If you are visiting Serbia and want to avoid paying ATM fees, you need to use the right banks. The good news is it’s pretty easy to do.
Although there are some banks you will need to avoid, there are others that will let you withdraw money from their ATMs without having to pay any additional fees.
This blog post is based on personal experience, not research and, although some of the “good” banks may become greedy in the future, at the time of writing the information is accurate and up to date.
There are a lot of banks in Serbia. I lived in Belgrade for a month but never tried them all because I only normally make one cash withdrawal per week. If a bank tried to hit me with fees, the only thing I withdrew was my card. I moved on and tried another one instead.
I’m writing this post because I don’t think it’s right for banks to charge foreign visitors for using their ATMs and I hope to make it easier for people who are visiting Serbia and want to avoid paying ATM fees during their time in Serbia.
Good Banks to Use If You Want to Avoid Paying ATM Fees In Serbia
NLB is a Slovenian bank that has branches all over Serbia. I used to use NLB cash machines in North Macedonia and they never added any extra costs to the transactions.
I’m happy to say the situation is the same in Serbia. If you use a card that was issued in another country, NLB doesn’t care. There will be no foreign currency fees.
UniCredit is another good option. It’s an Italian bank, but it very active in Serbia and every time you use an UniCredit ATM you won’t need to worry about any added fees at all.
If you are finding it difficult to find any ATMs that belong to NLB or UniCredit, it might be worth trying a Halkbank ATM.
Halkbank is actually a Turkish bank. Although I saw several Halkbank cash terminals in Belgrade, I never tried to use one because I didn’t need to withdraw any cash at the times I was near them. However, I used a Halkbank ATM in North Macedonia and managed to withdraw money without being charged. I think there is a good chance the Halkbank terminals in Serbia will be equally tourist-friendly so it might be worth a go.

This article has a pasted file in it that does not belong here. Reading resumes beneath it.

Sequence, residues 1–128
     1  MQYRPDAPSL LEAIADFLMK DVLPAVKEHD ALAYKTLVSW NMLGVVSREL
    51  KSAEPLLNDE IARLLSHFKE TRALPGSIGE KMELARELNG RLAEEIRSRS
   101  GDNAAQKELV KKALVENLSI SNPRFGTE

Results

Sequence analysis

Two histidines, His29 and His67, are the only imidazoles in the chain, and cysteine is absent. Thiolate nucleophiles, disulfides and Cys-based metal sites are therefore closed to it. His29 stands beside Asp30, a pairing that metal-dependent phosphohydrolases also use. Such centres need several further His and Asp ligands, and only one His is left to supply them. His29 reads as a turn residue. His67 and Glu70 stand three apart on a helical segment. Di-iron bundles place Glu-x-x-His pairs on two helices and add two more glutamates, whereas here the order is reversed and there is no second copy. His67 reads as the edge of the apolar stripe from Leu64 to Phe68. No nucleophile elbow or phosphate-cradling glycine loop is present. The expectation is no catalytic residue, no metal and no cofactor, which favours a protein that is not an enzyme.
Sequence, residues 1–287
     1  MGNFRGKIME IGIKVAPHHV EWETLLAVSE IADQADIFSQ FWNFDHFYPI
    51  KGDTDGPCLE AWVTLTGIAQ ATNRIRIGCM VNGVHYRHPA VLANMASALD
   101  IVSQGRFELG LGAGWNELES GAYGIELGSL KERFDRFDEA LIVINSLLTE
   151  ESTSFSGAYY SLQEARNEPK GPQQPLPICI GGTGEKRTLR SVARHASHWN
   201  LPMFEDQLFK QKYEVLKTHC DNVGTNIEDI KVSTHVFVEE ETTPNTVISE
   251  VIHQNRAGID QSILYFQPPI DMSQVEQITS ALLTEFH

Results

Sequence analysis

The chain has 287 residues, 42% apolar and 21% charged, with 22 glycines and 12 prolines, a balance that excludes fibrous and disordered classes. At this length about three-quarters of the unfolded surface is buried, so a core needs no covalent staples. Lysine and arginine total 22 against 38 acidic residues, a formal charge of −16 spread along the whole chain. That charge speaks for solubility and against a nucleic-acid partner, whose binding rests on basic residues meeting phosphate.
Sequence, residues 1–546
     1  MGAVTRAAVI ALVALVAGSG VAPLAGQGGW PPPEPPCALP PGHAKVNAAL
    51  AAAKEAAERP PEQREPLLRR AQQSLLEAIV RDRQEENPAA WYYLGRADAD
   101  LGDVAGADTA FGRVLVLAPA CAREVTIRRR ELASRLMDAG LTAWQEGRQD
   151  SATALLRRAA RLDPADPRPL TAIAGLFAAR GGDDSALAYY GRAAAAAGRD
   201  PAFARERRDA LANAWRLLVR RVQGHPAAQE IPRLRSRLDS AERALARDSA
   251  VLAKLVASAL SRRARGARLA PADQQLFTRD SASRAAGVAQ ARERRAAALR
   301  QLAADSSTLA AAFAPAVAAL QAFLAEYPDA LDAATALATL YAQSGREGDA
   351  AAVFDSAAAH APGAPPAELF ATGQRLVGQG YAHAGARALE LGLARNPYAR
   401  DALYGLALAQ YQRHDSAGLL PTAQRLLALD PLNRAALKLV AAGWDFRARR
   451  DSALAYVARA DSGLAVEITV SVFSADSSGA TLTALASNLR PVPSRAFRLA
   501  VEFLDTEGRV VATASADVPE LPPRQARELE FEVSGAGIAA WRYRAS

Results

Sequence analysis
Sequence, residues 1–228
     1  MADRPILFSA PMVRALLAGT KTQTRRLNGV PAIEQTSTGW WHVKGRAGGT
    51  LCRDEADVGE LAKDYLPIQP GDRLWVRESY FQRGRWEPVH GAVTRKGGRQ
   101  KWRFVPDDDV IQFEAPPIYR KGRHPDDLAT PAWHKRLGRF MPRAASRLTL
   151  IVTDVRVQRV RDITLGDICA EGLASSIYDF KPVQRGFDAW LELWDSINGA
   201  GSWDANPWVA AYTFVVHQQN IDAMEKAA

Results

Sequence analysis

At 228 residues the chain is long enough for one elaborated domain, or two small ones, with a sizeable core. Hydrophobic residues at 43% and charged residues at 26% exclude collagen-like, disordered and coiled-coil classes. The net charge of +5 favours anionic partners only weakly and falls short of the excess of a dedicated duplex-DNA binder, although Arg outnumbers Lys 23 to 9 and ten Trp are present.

Banks to Avoid
Raiffeisen Bank is a Romanian bank, but it has branches in Serbia and other Balkan countries.
When I tried to use a Raiffeisen Bank ATM in Belgrade it wanted to add a 500 RSD (€4.23 / £3.80 / USD 4.82) fee.
Faced with a message like that, “cancel” is the thing to do.
Vojvođanska banka is another bank you need to avoid if you don’t want to pay ATM fees while you are visiting Serbia.
It also adds a 500 RSD transaction fee every time you use one of its machines.
Avoid Dynamic Currency Conversion
It’s not just a case of knowing which ATM to avoid if you don’t want to pay foreign currency fees. Some ATMs try and get you to accept the offer of dynamic currency conversion. If you don’t know what that is, Wikipedia has an article that explains it: https://en.wikipedia.org/wiki/Dynamic_currency_conversion
The main thing to know is, the machine will offer to do a conversion to your home currency. This can seem pretty nice because you get to know how much is going to be taken from your card and don’t need to do any sums. The problem is, there are hidden fees and conversion mark-ups that mean you actually end up paying more. If you want to get the best deal on your withdrawal, the best thing to do is refuse the offer of dynamic currency conversion and choose the other option instead.
To be honest, I can’t remember if any of the machines I used in Serbia offered dynamic currency conversion. I refuse it so often it’s become a reflex action.
How to Avoid Foreign Currency Fees from Your Own Bank
If you withdraw money abroad, using your normal debit card your bank will probably charge you foreign currency fees. If you use your credit card, your card issuer will do the same. These fees can cost more than the ones some ATMs try and charge.
Fortunately, there is a way to avoid foreign currency fees, but you have to open up a special account. It’s called a Wise Multi-Currency Account.
The account costs nothing. It’s free to open, there are no monthly or yearly fees, and it comes with a debit card (MasterCard).
The trick is to use your Wise card to withdraw cash from your ATMs and to pay for goods and services as well. You can save a fortune in bank fees. I know, I’m a perpetual traveller and use my Wise card every week.
You can manage the account from your computer or via a special app on your phone. These days, I mostly use the Wise app. When I need to withdraw money, I open the app, specify the amount and then send it from my bank. The funds usually arrive within just a few minutes.
When I withdraw money from an ATM, there is a fee but it’s much less than I would pay if I used one of the cards issued by my British or European banks. If you rarely go on vacation, this service may not interest you. However, if you travel a lot like I do, the savings add up week after week. You can find out more information about the Wise Multi-Currency Account HERE.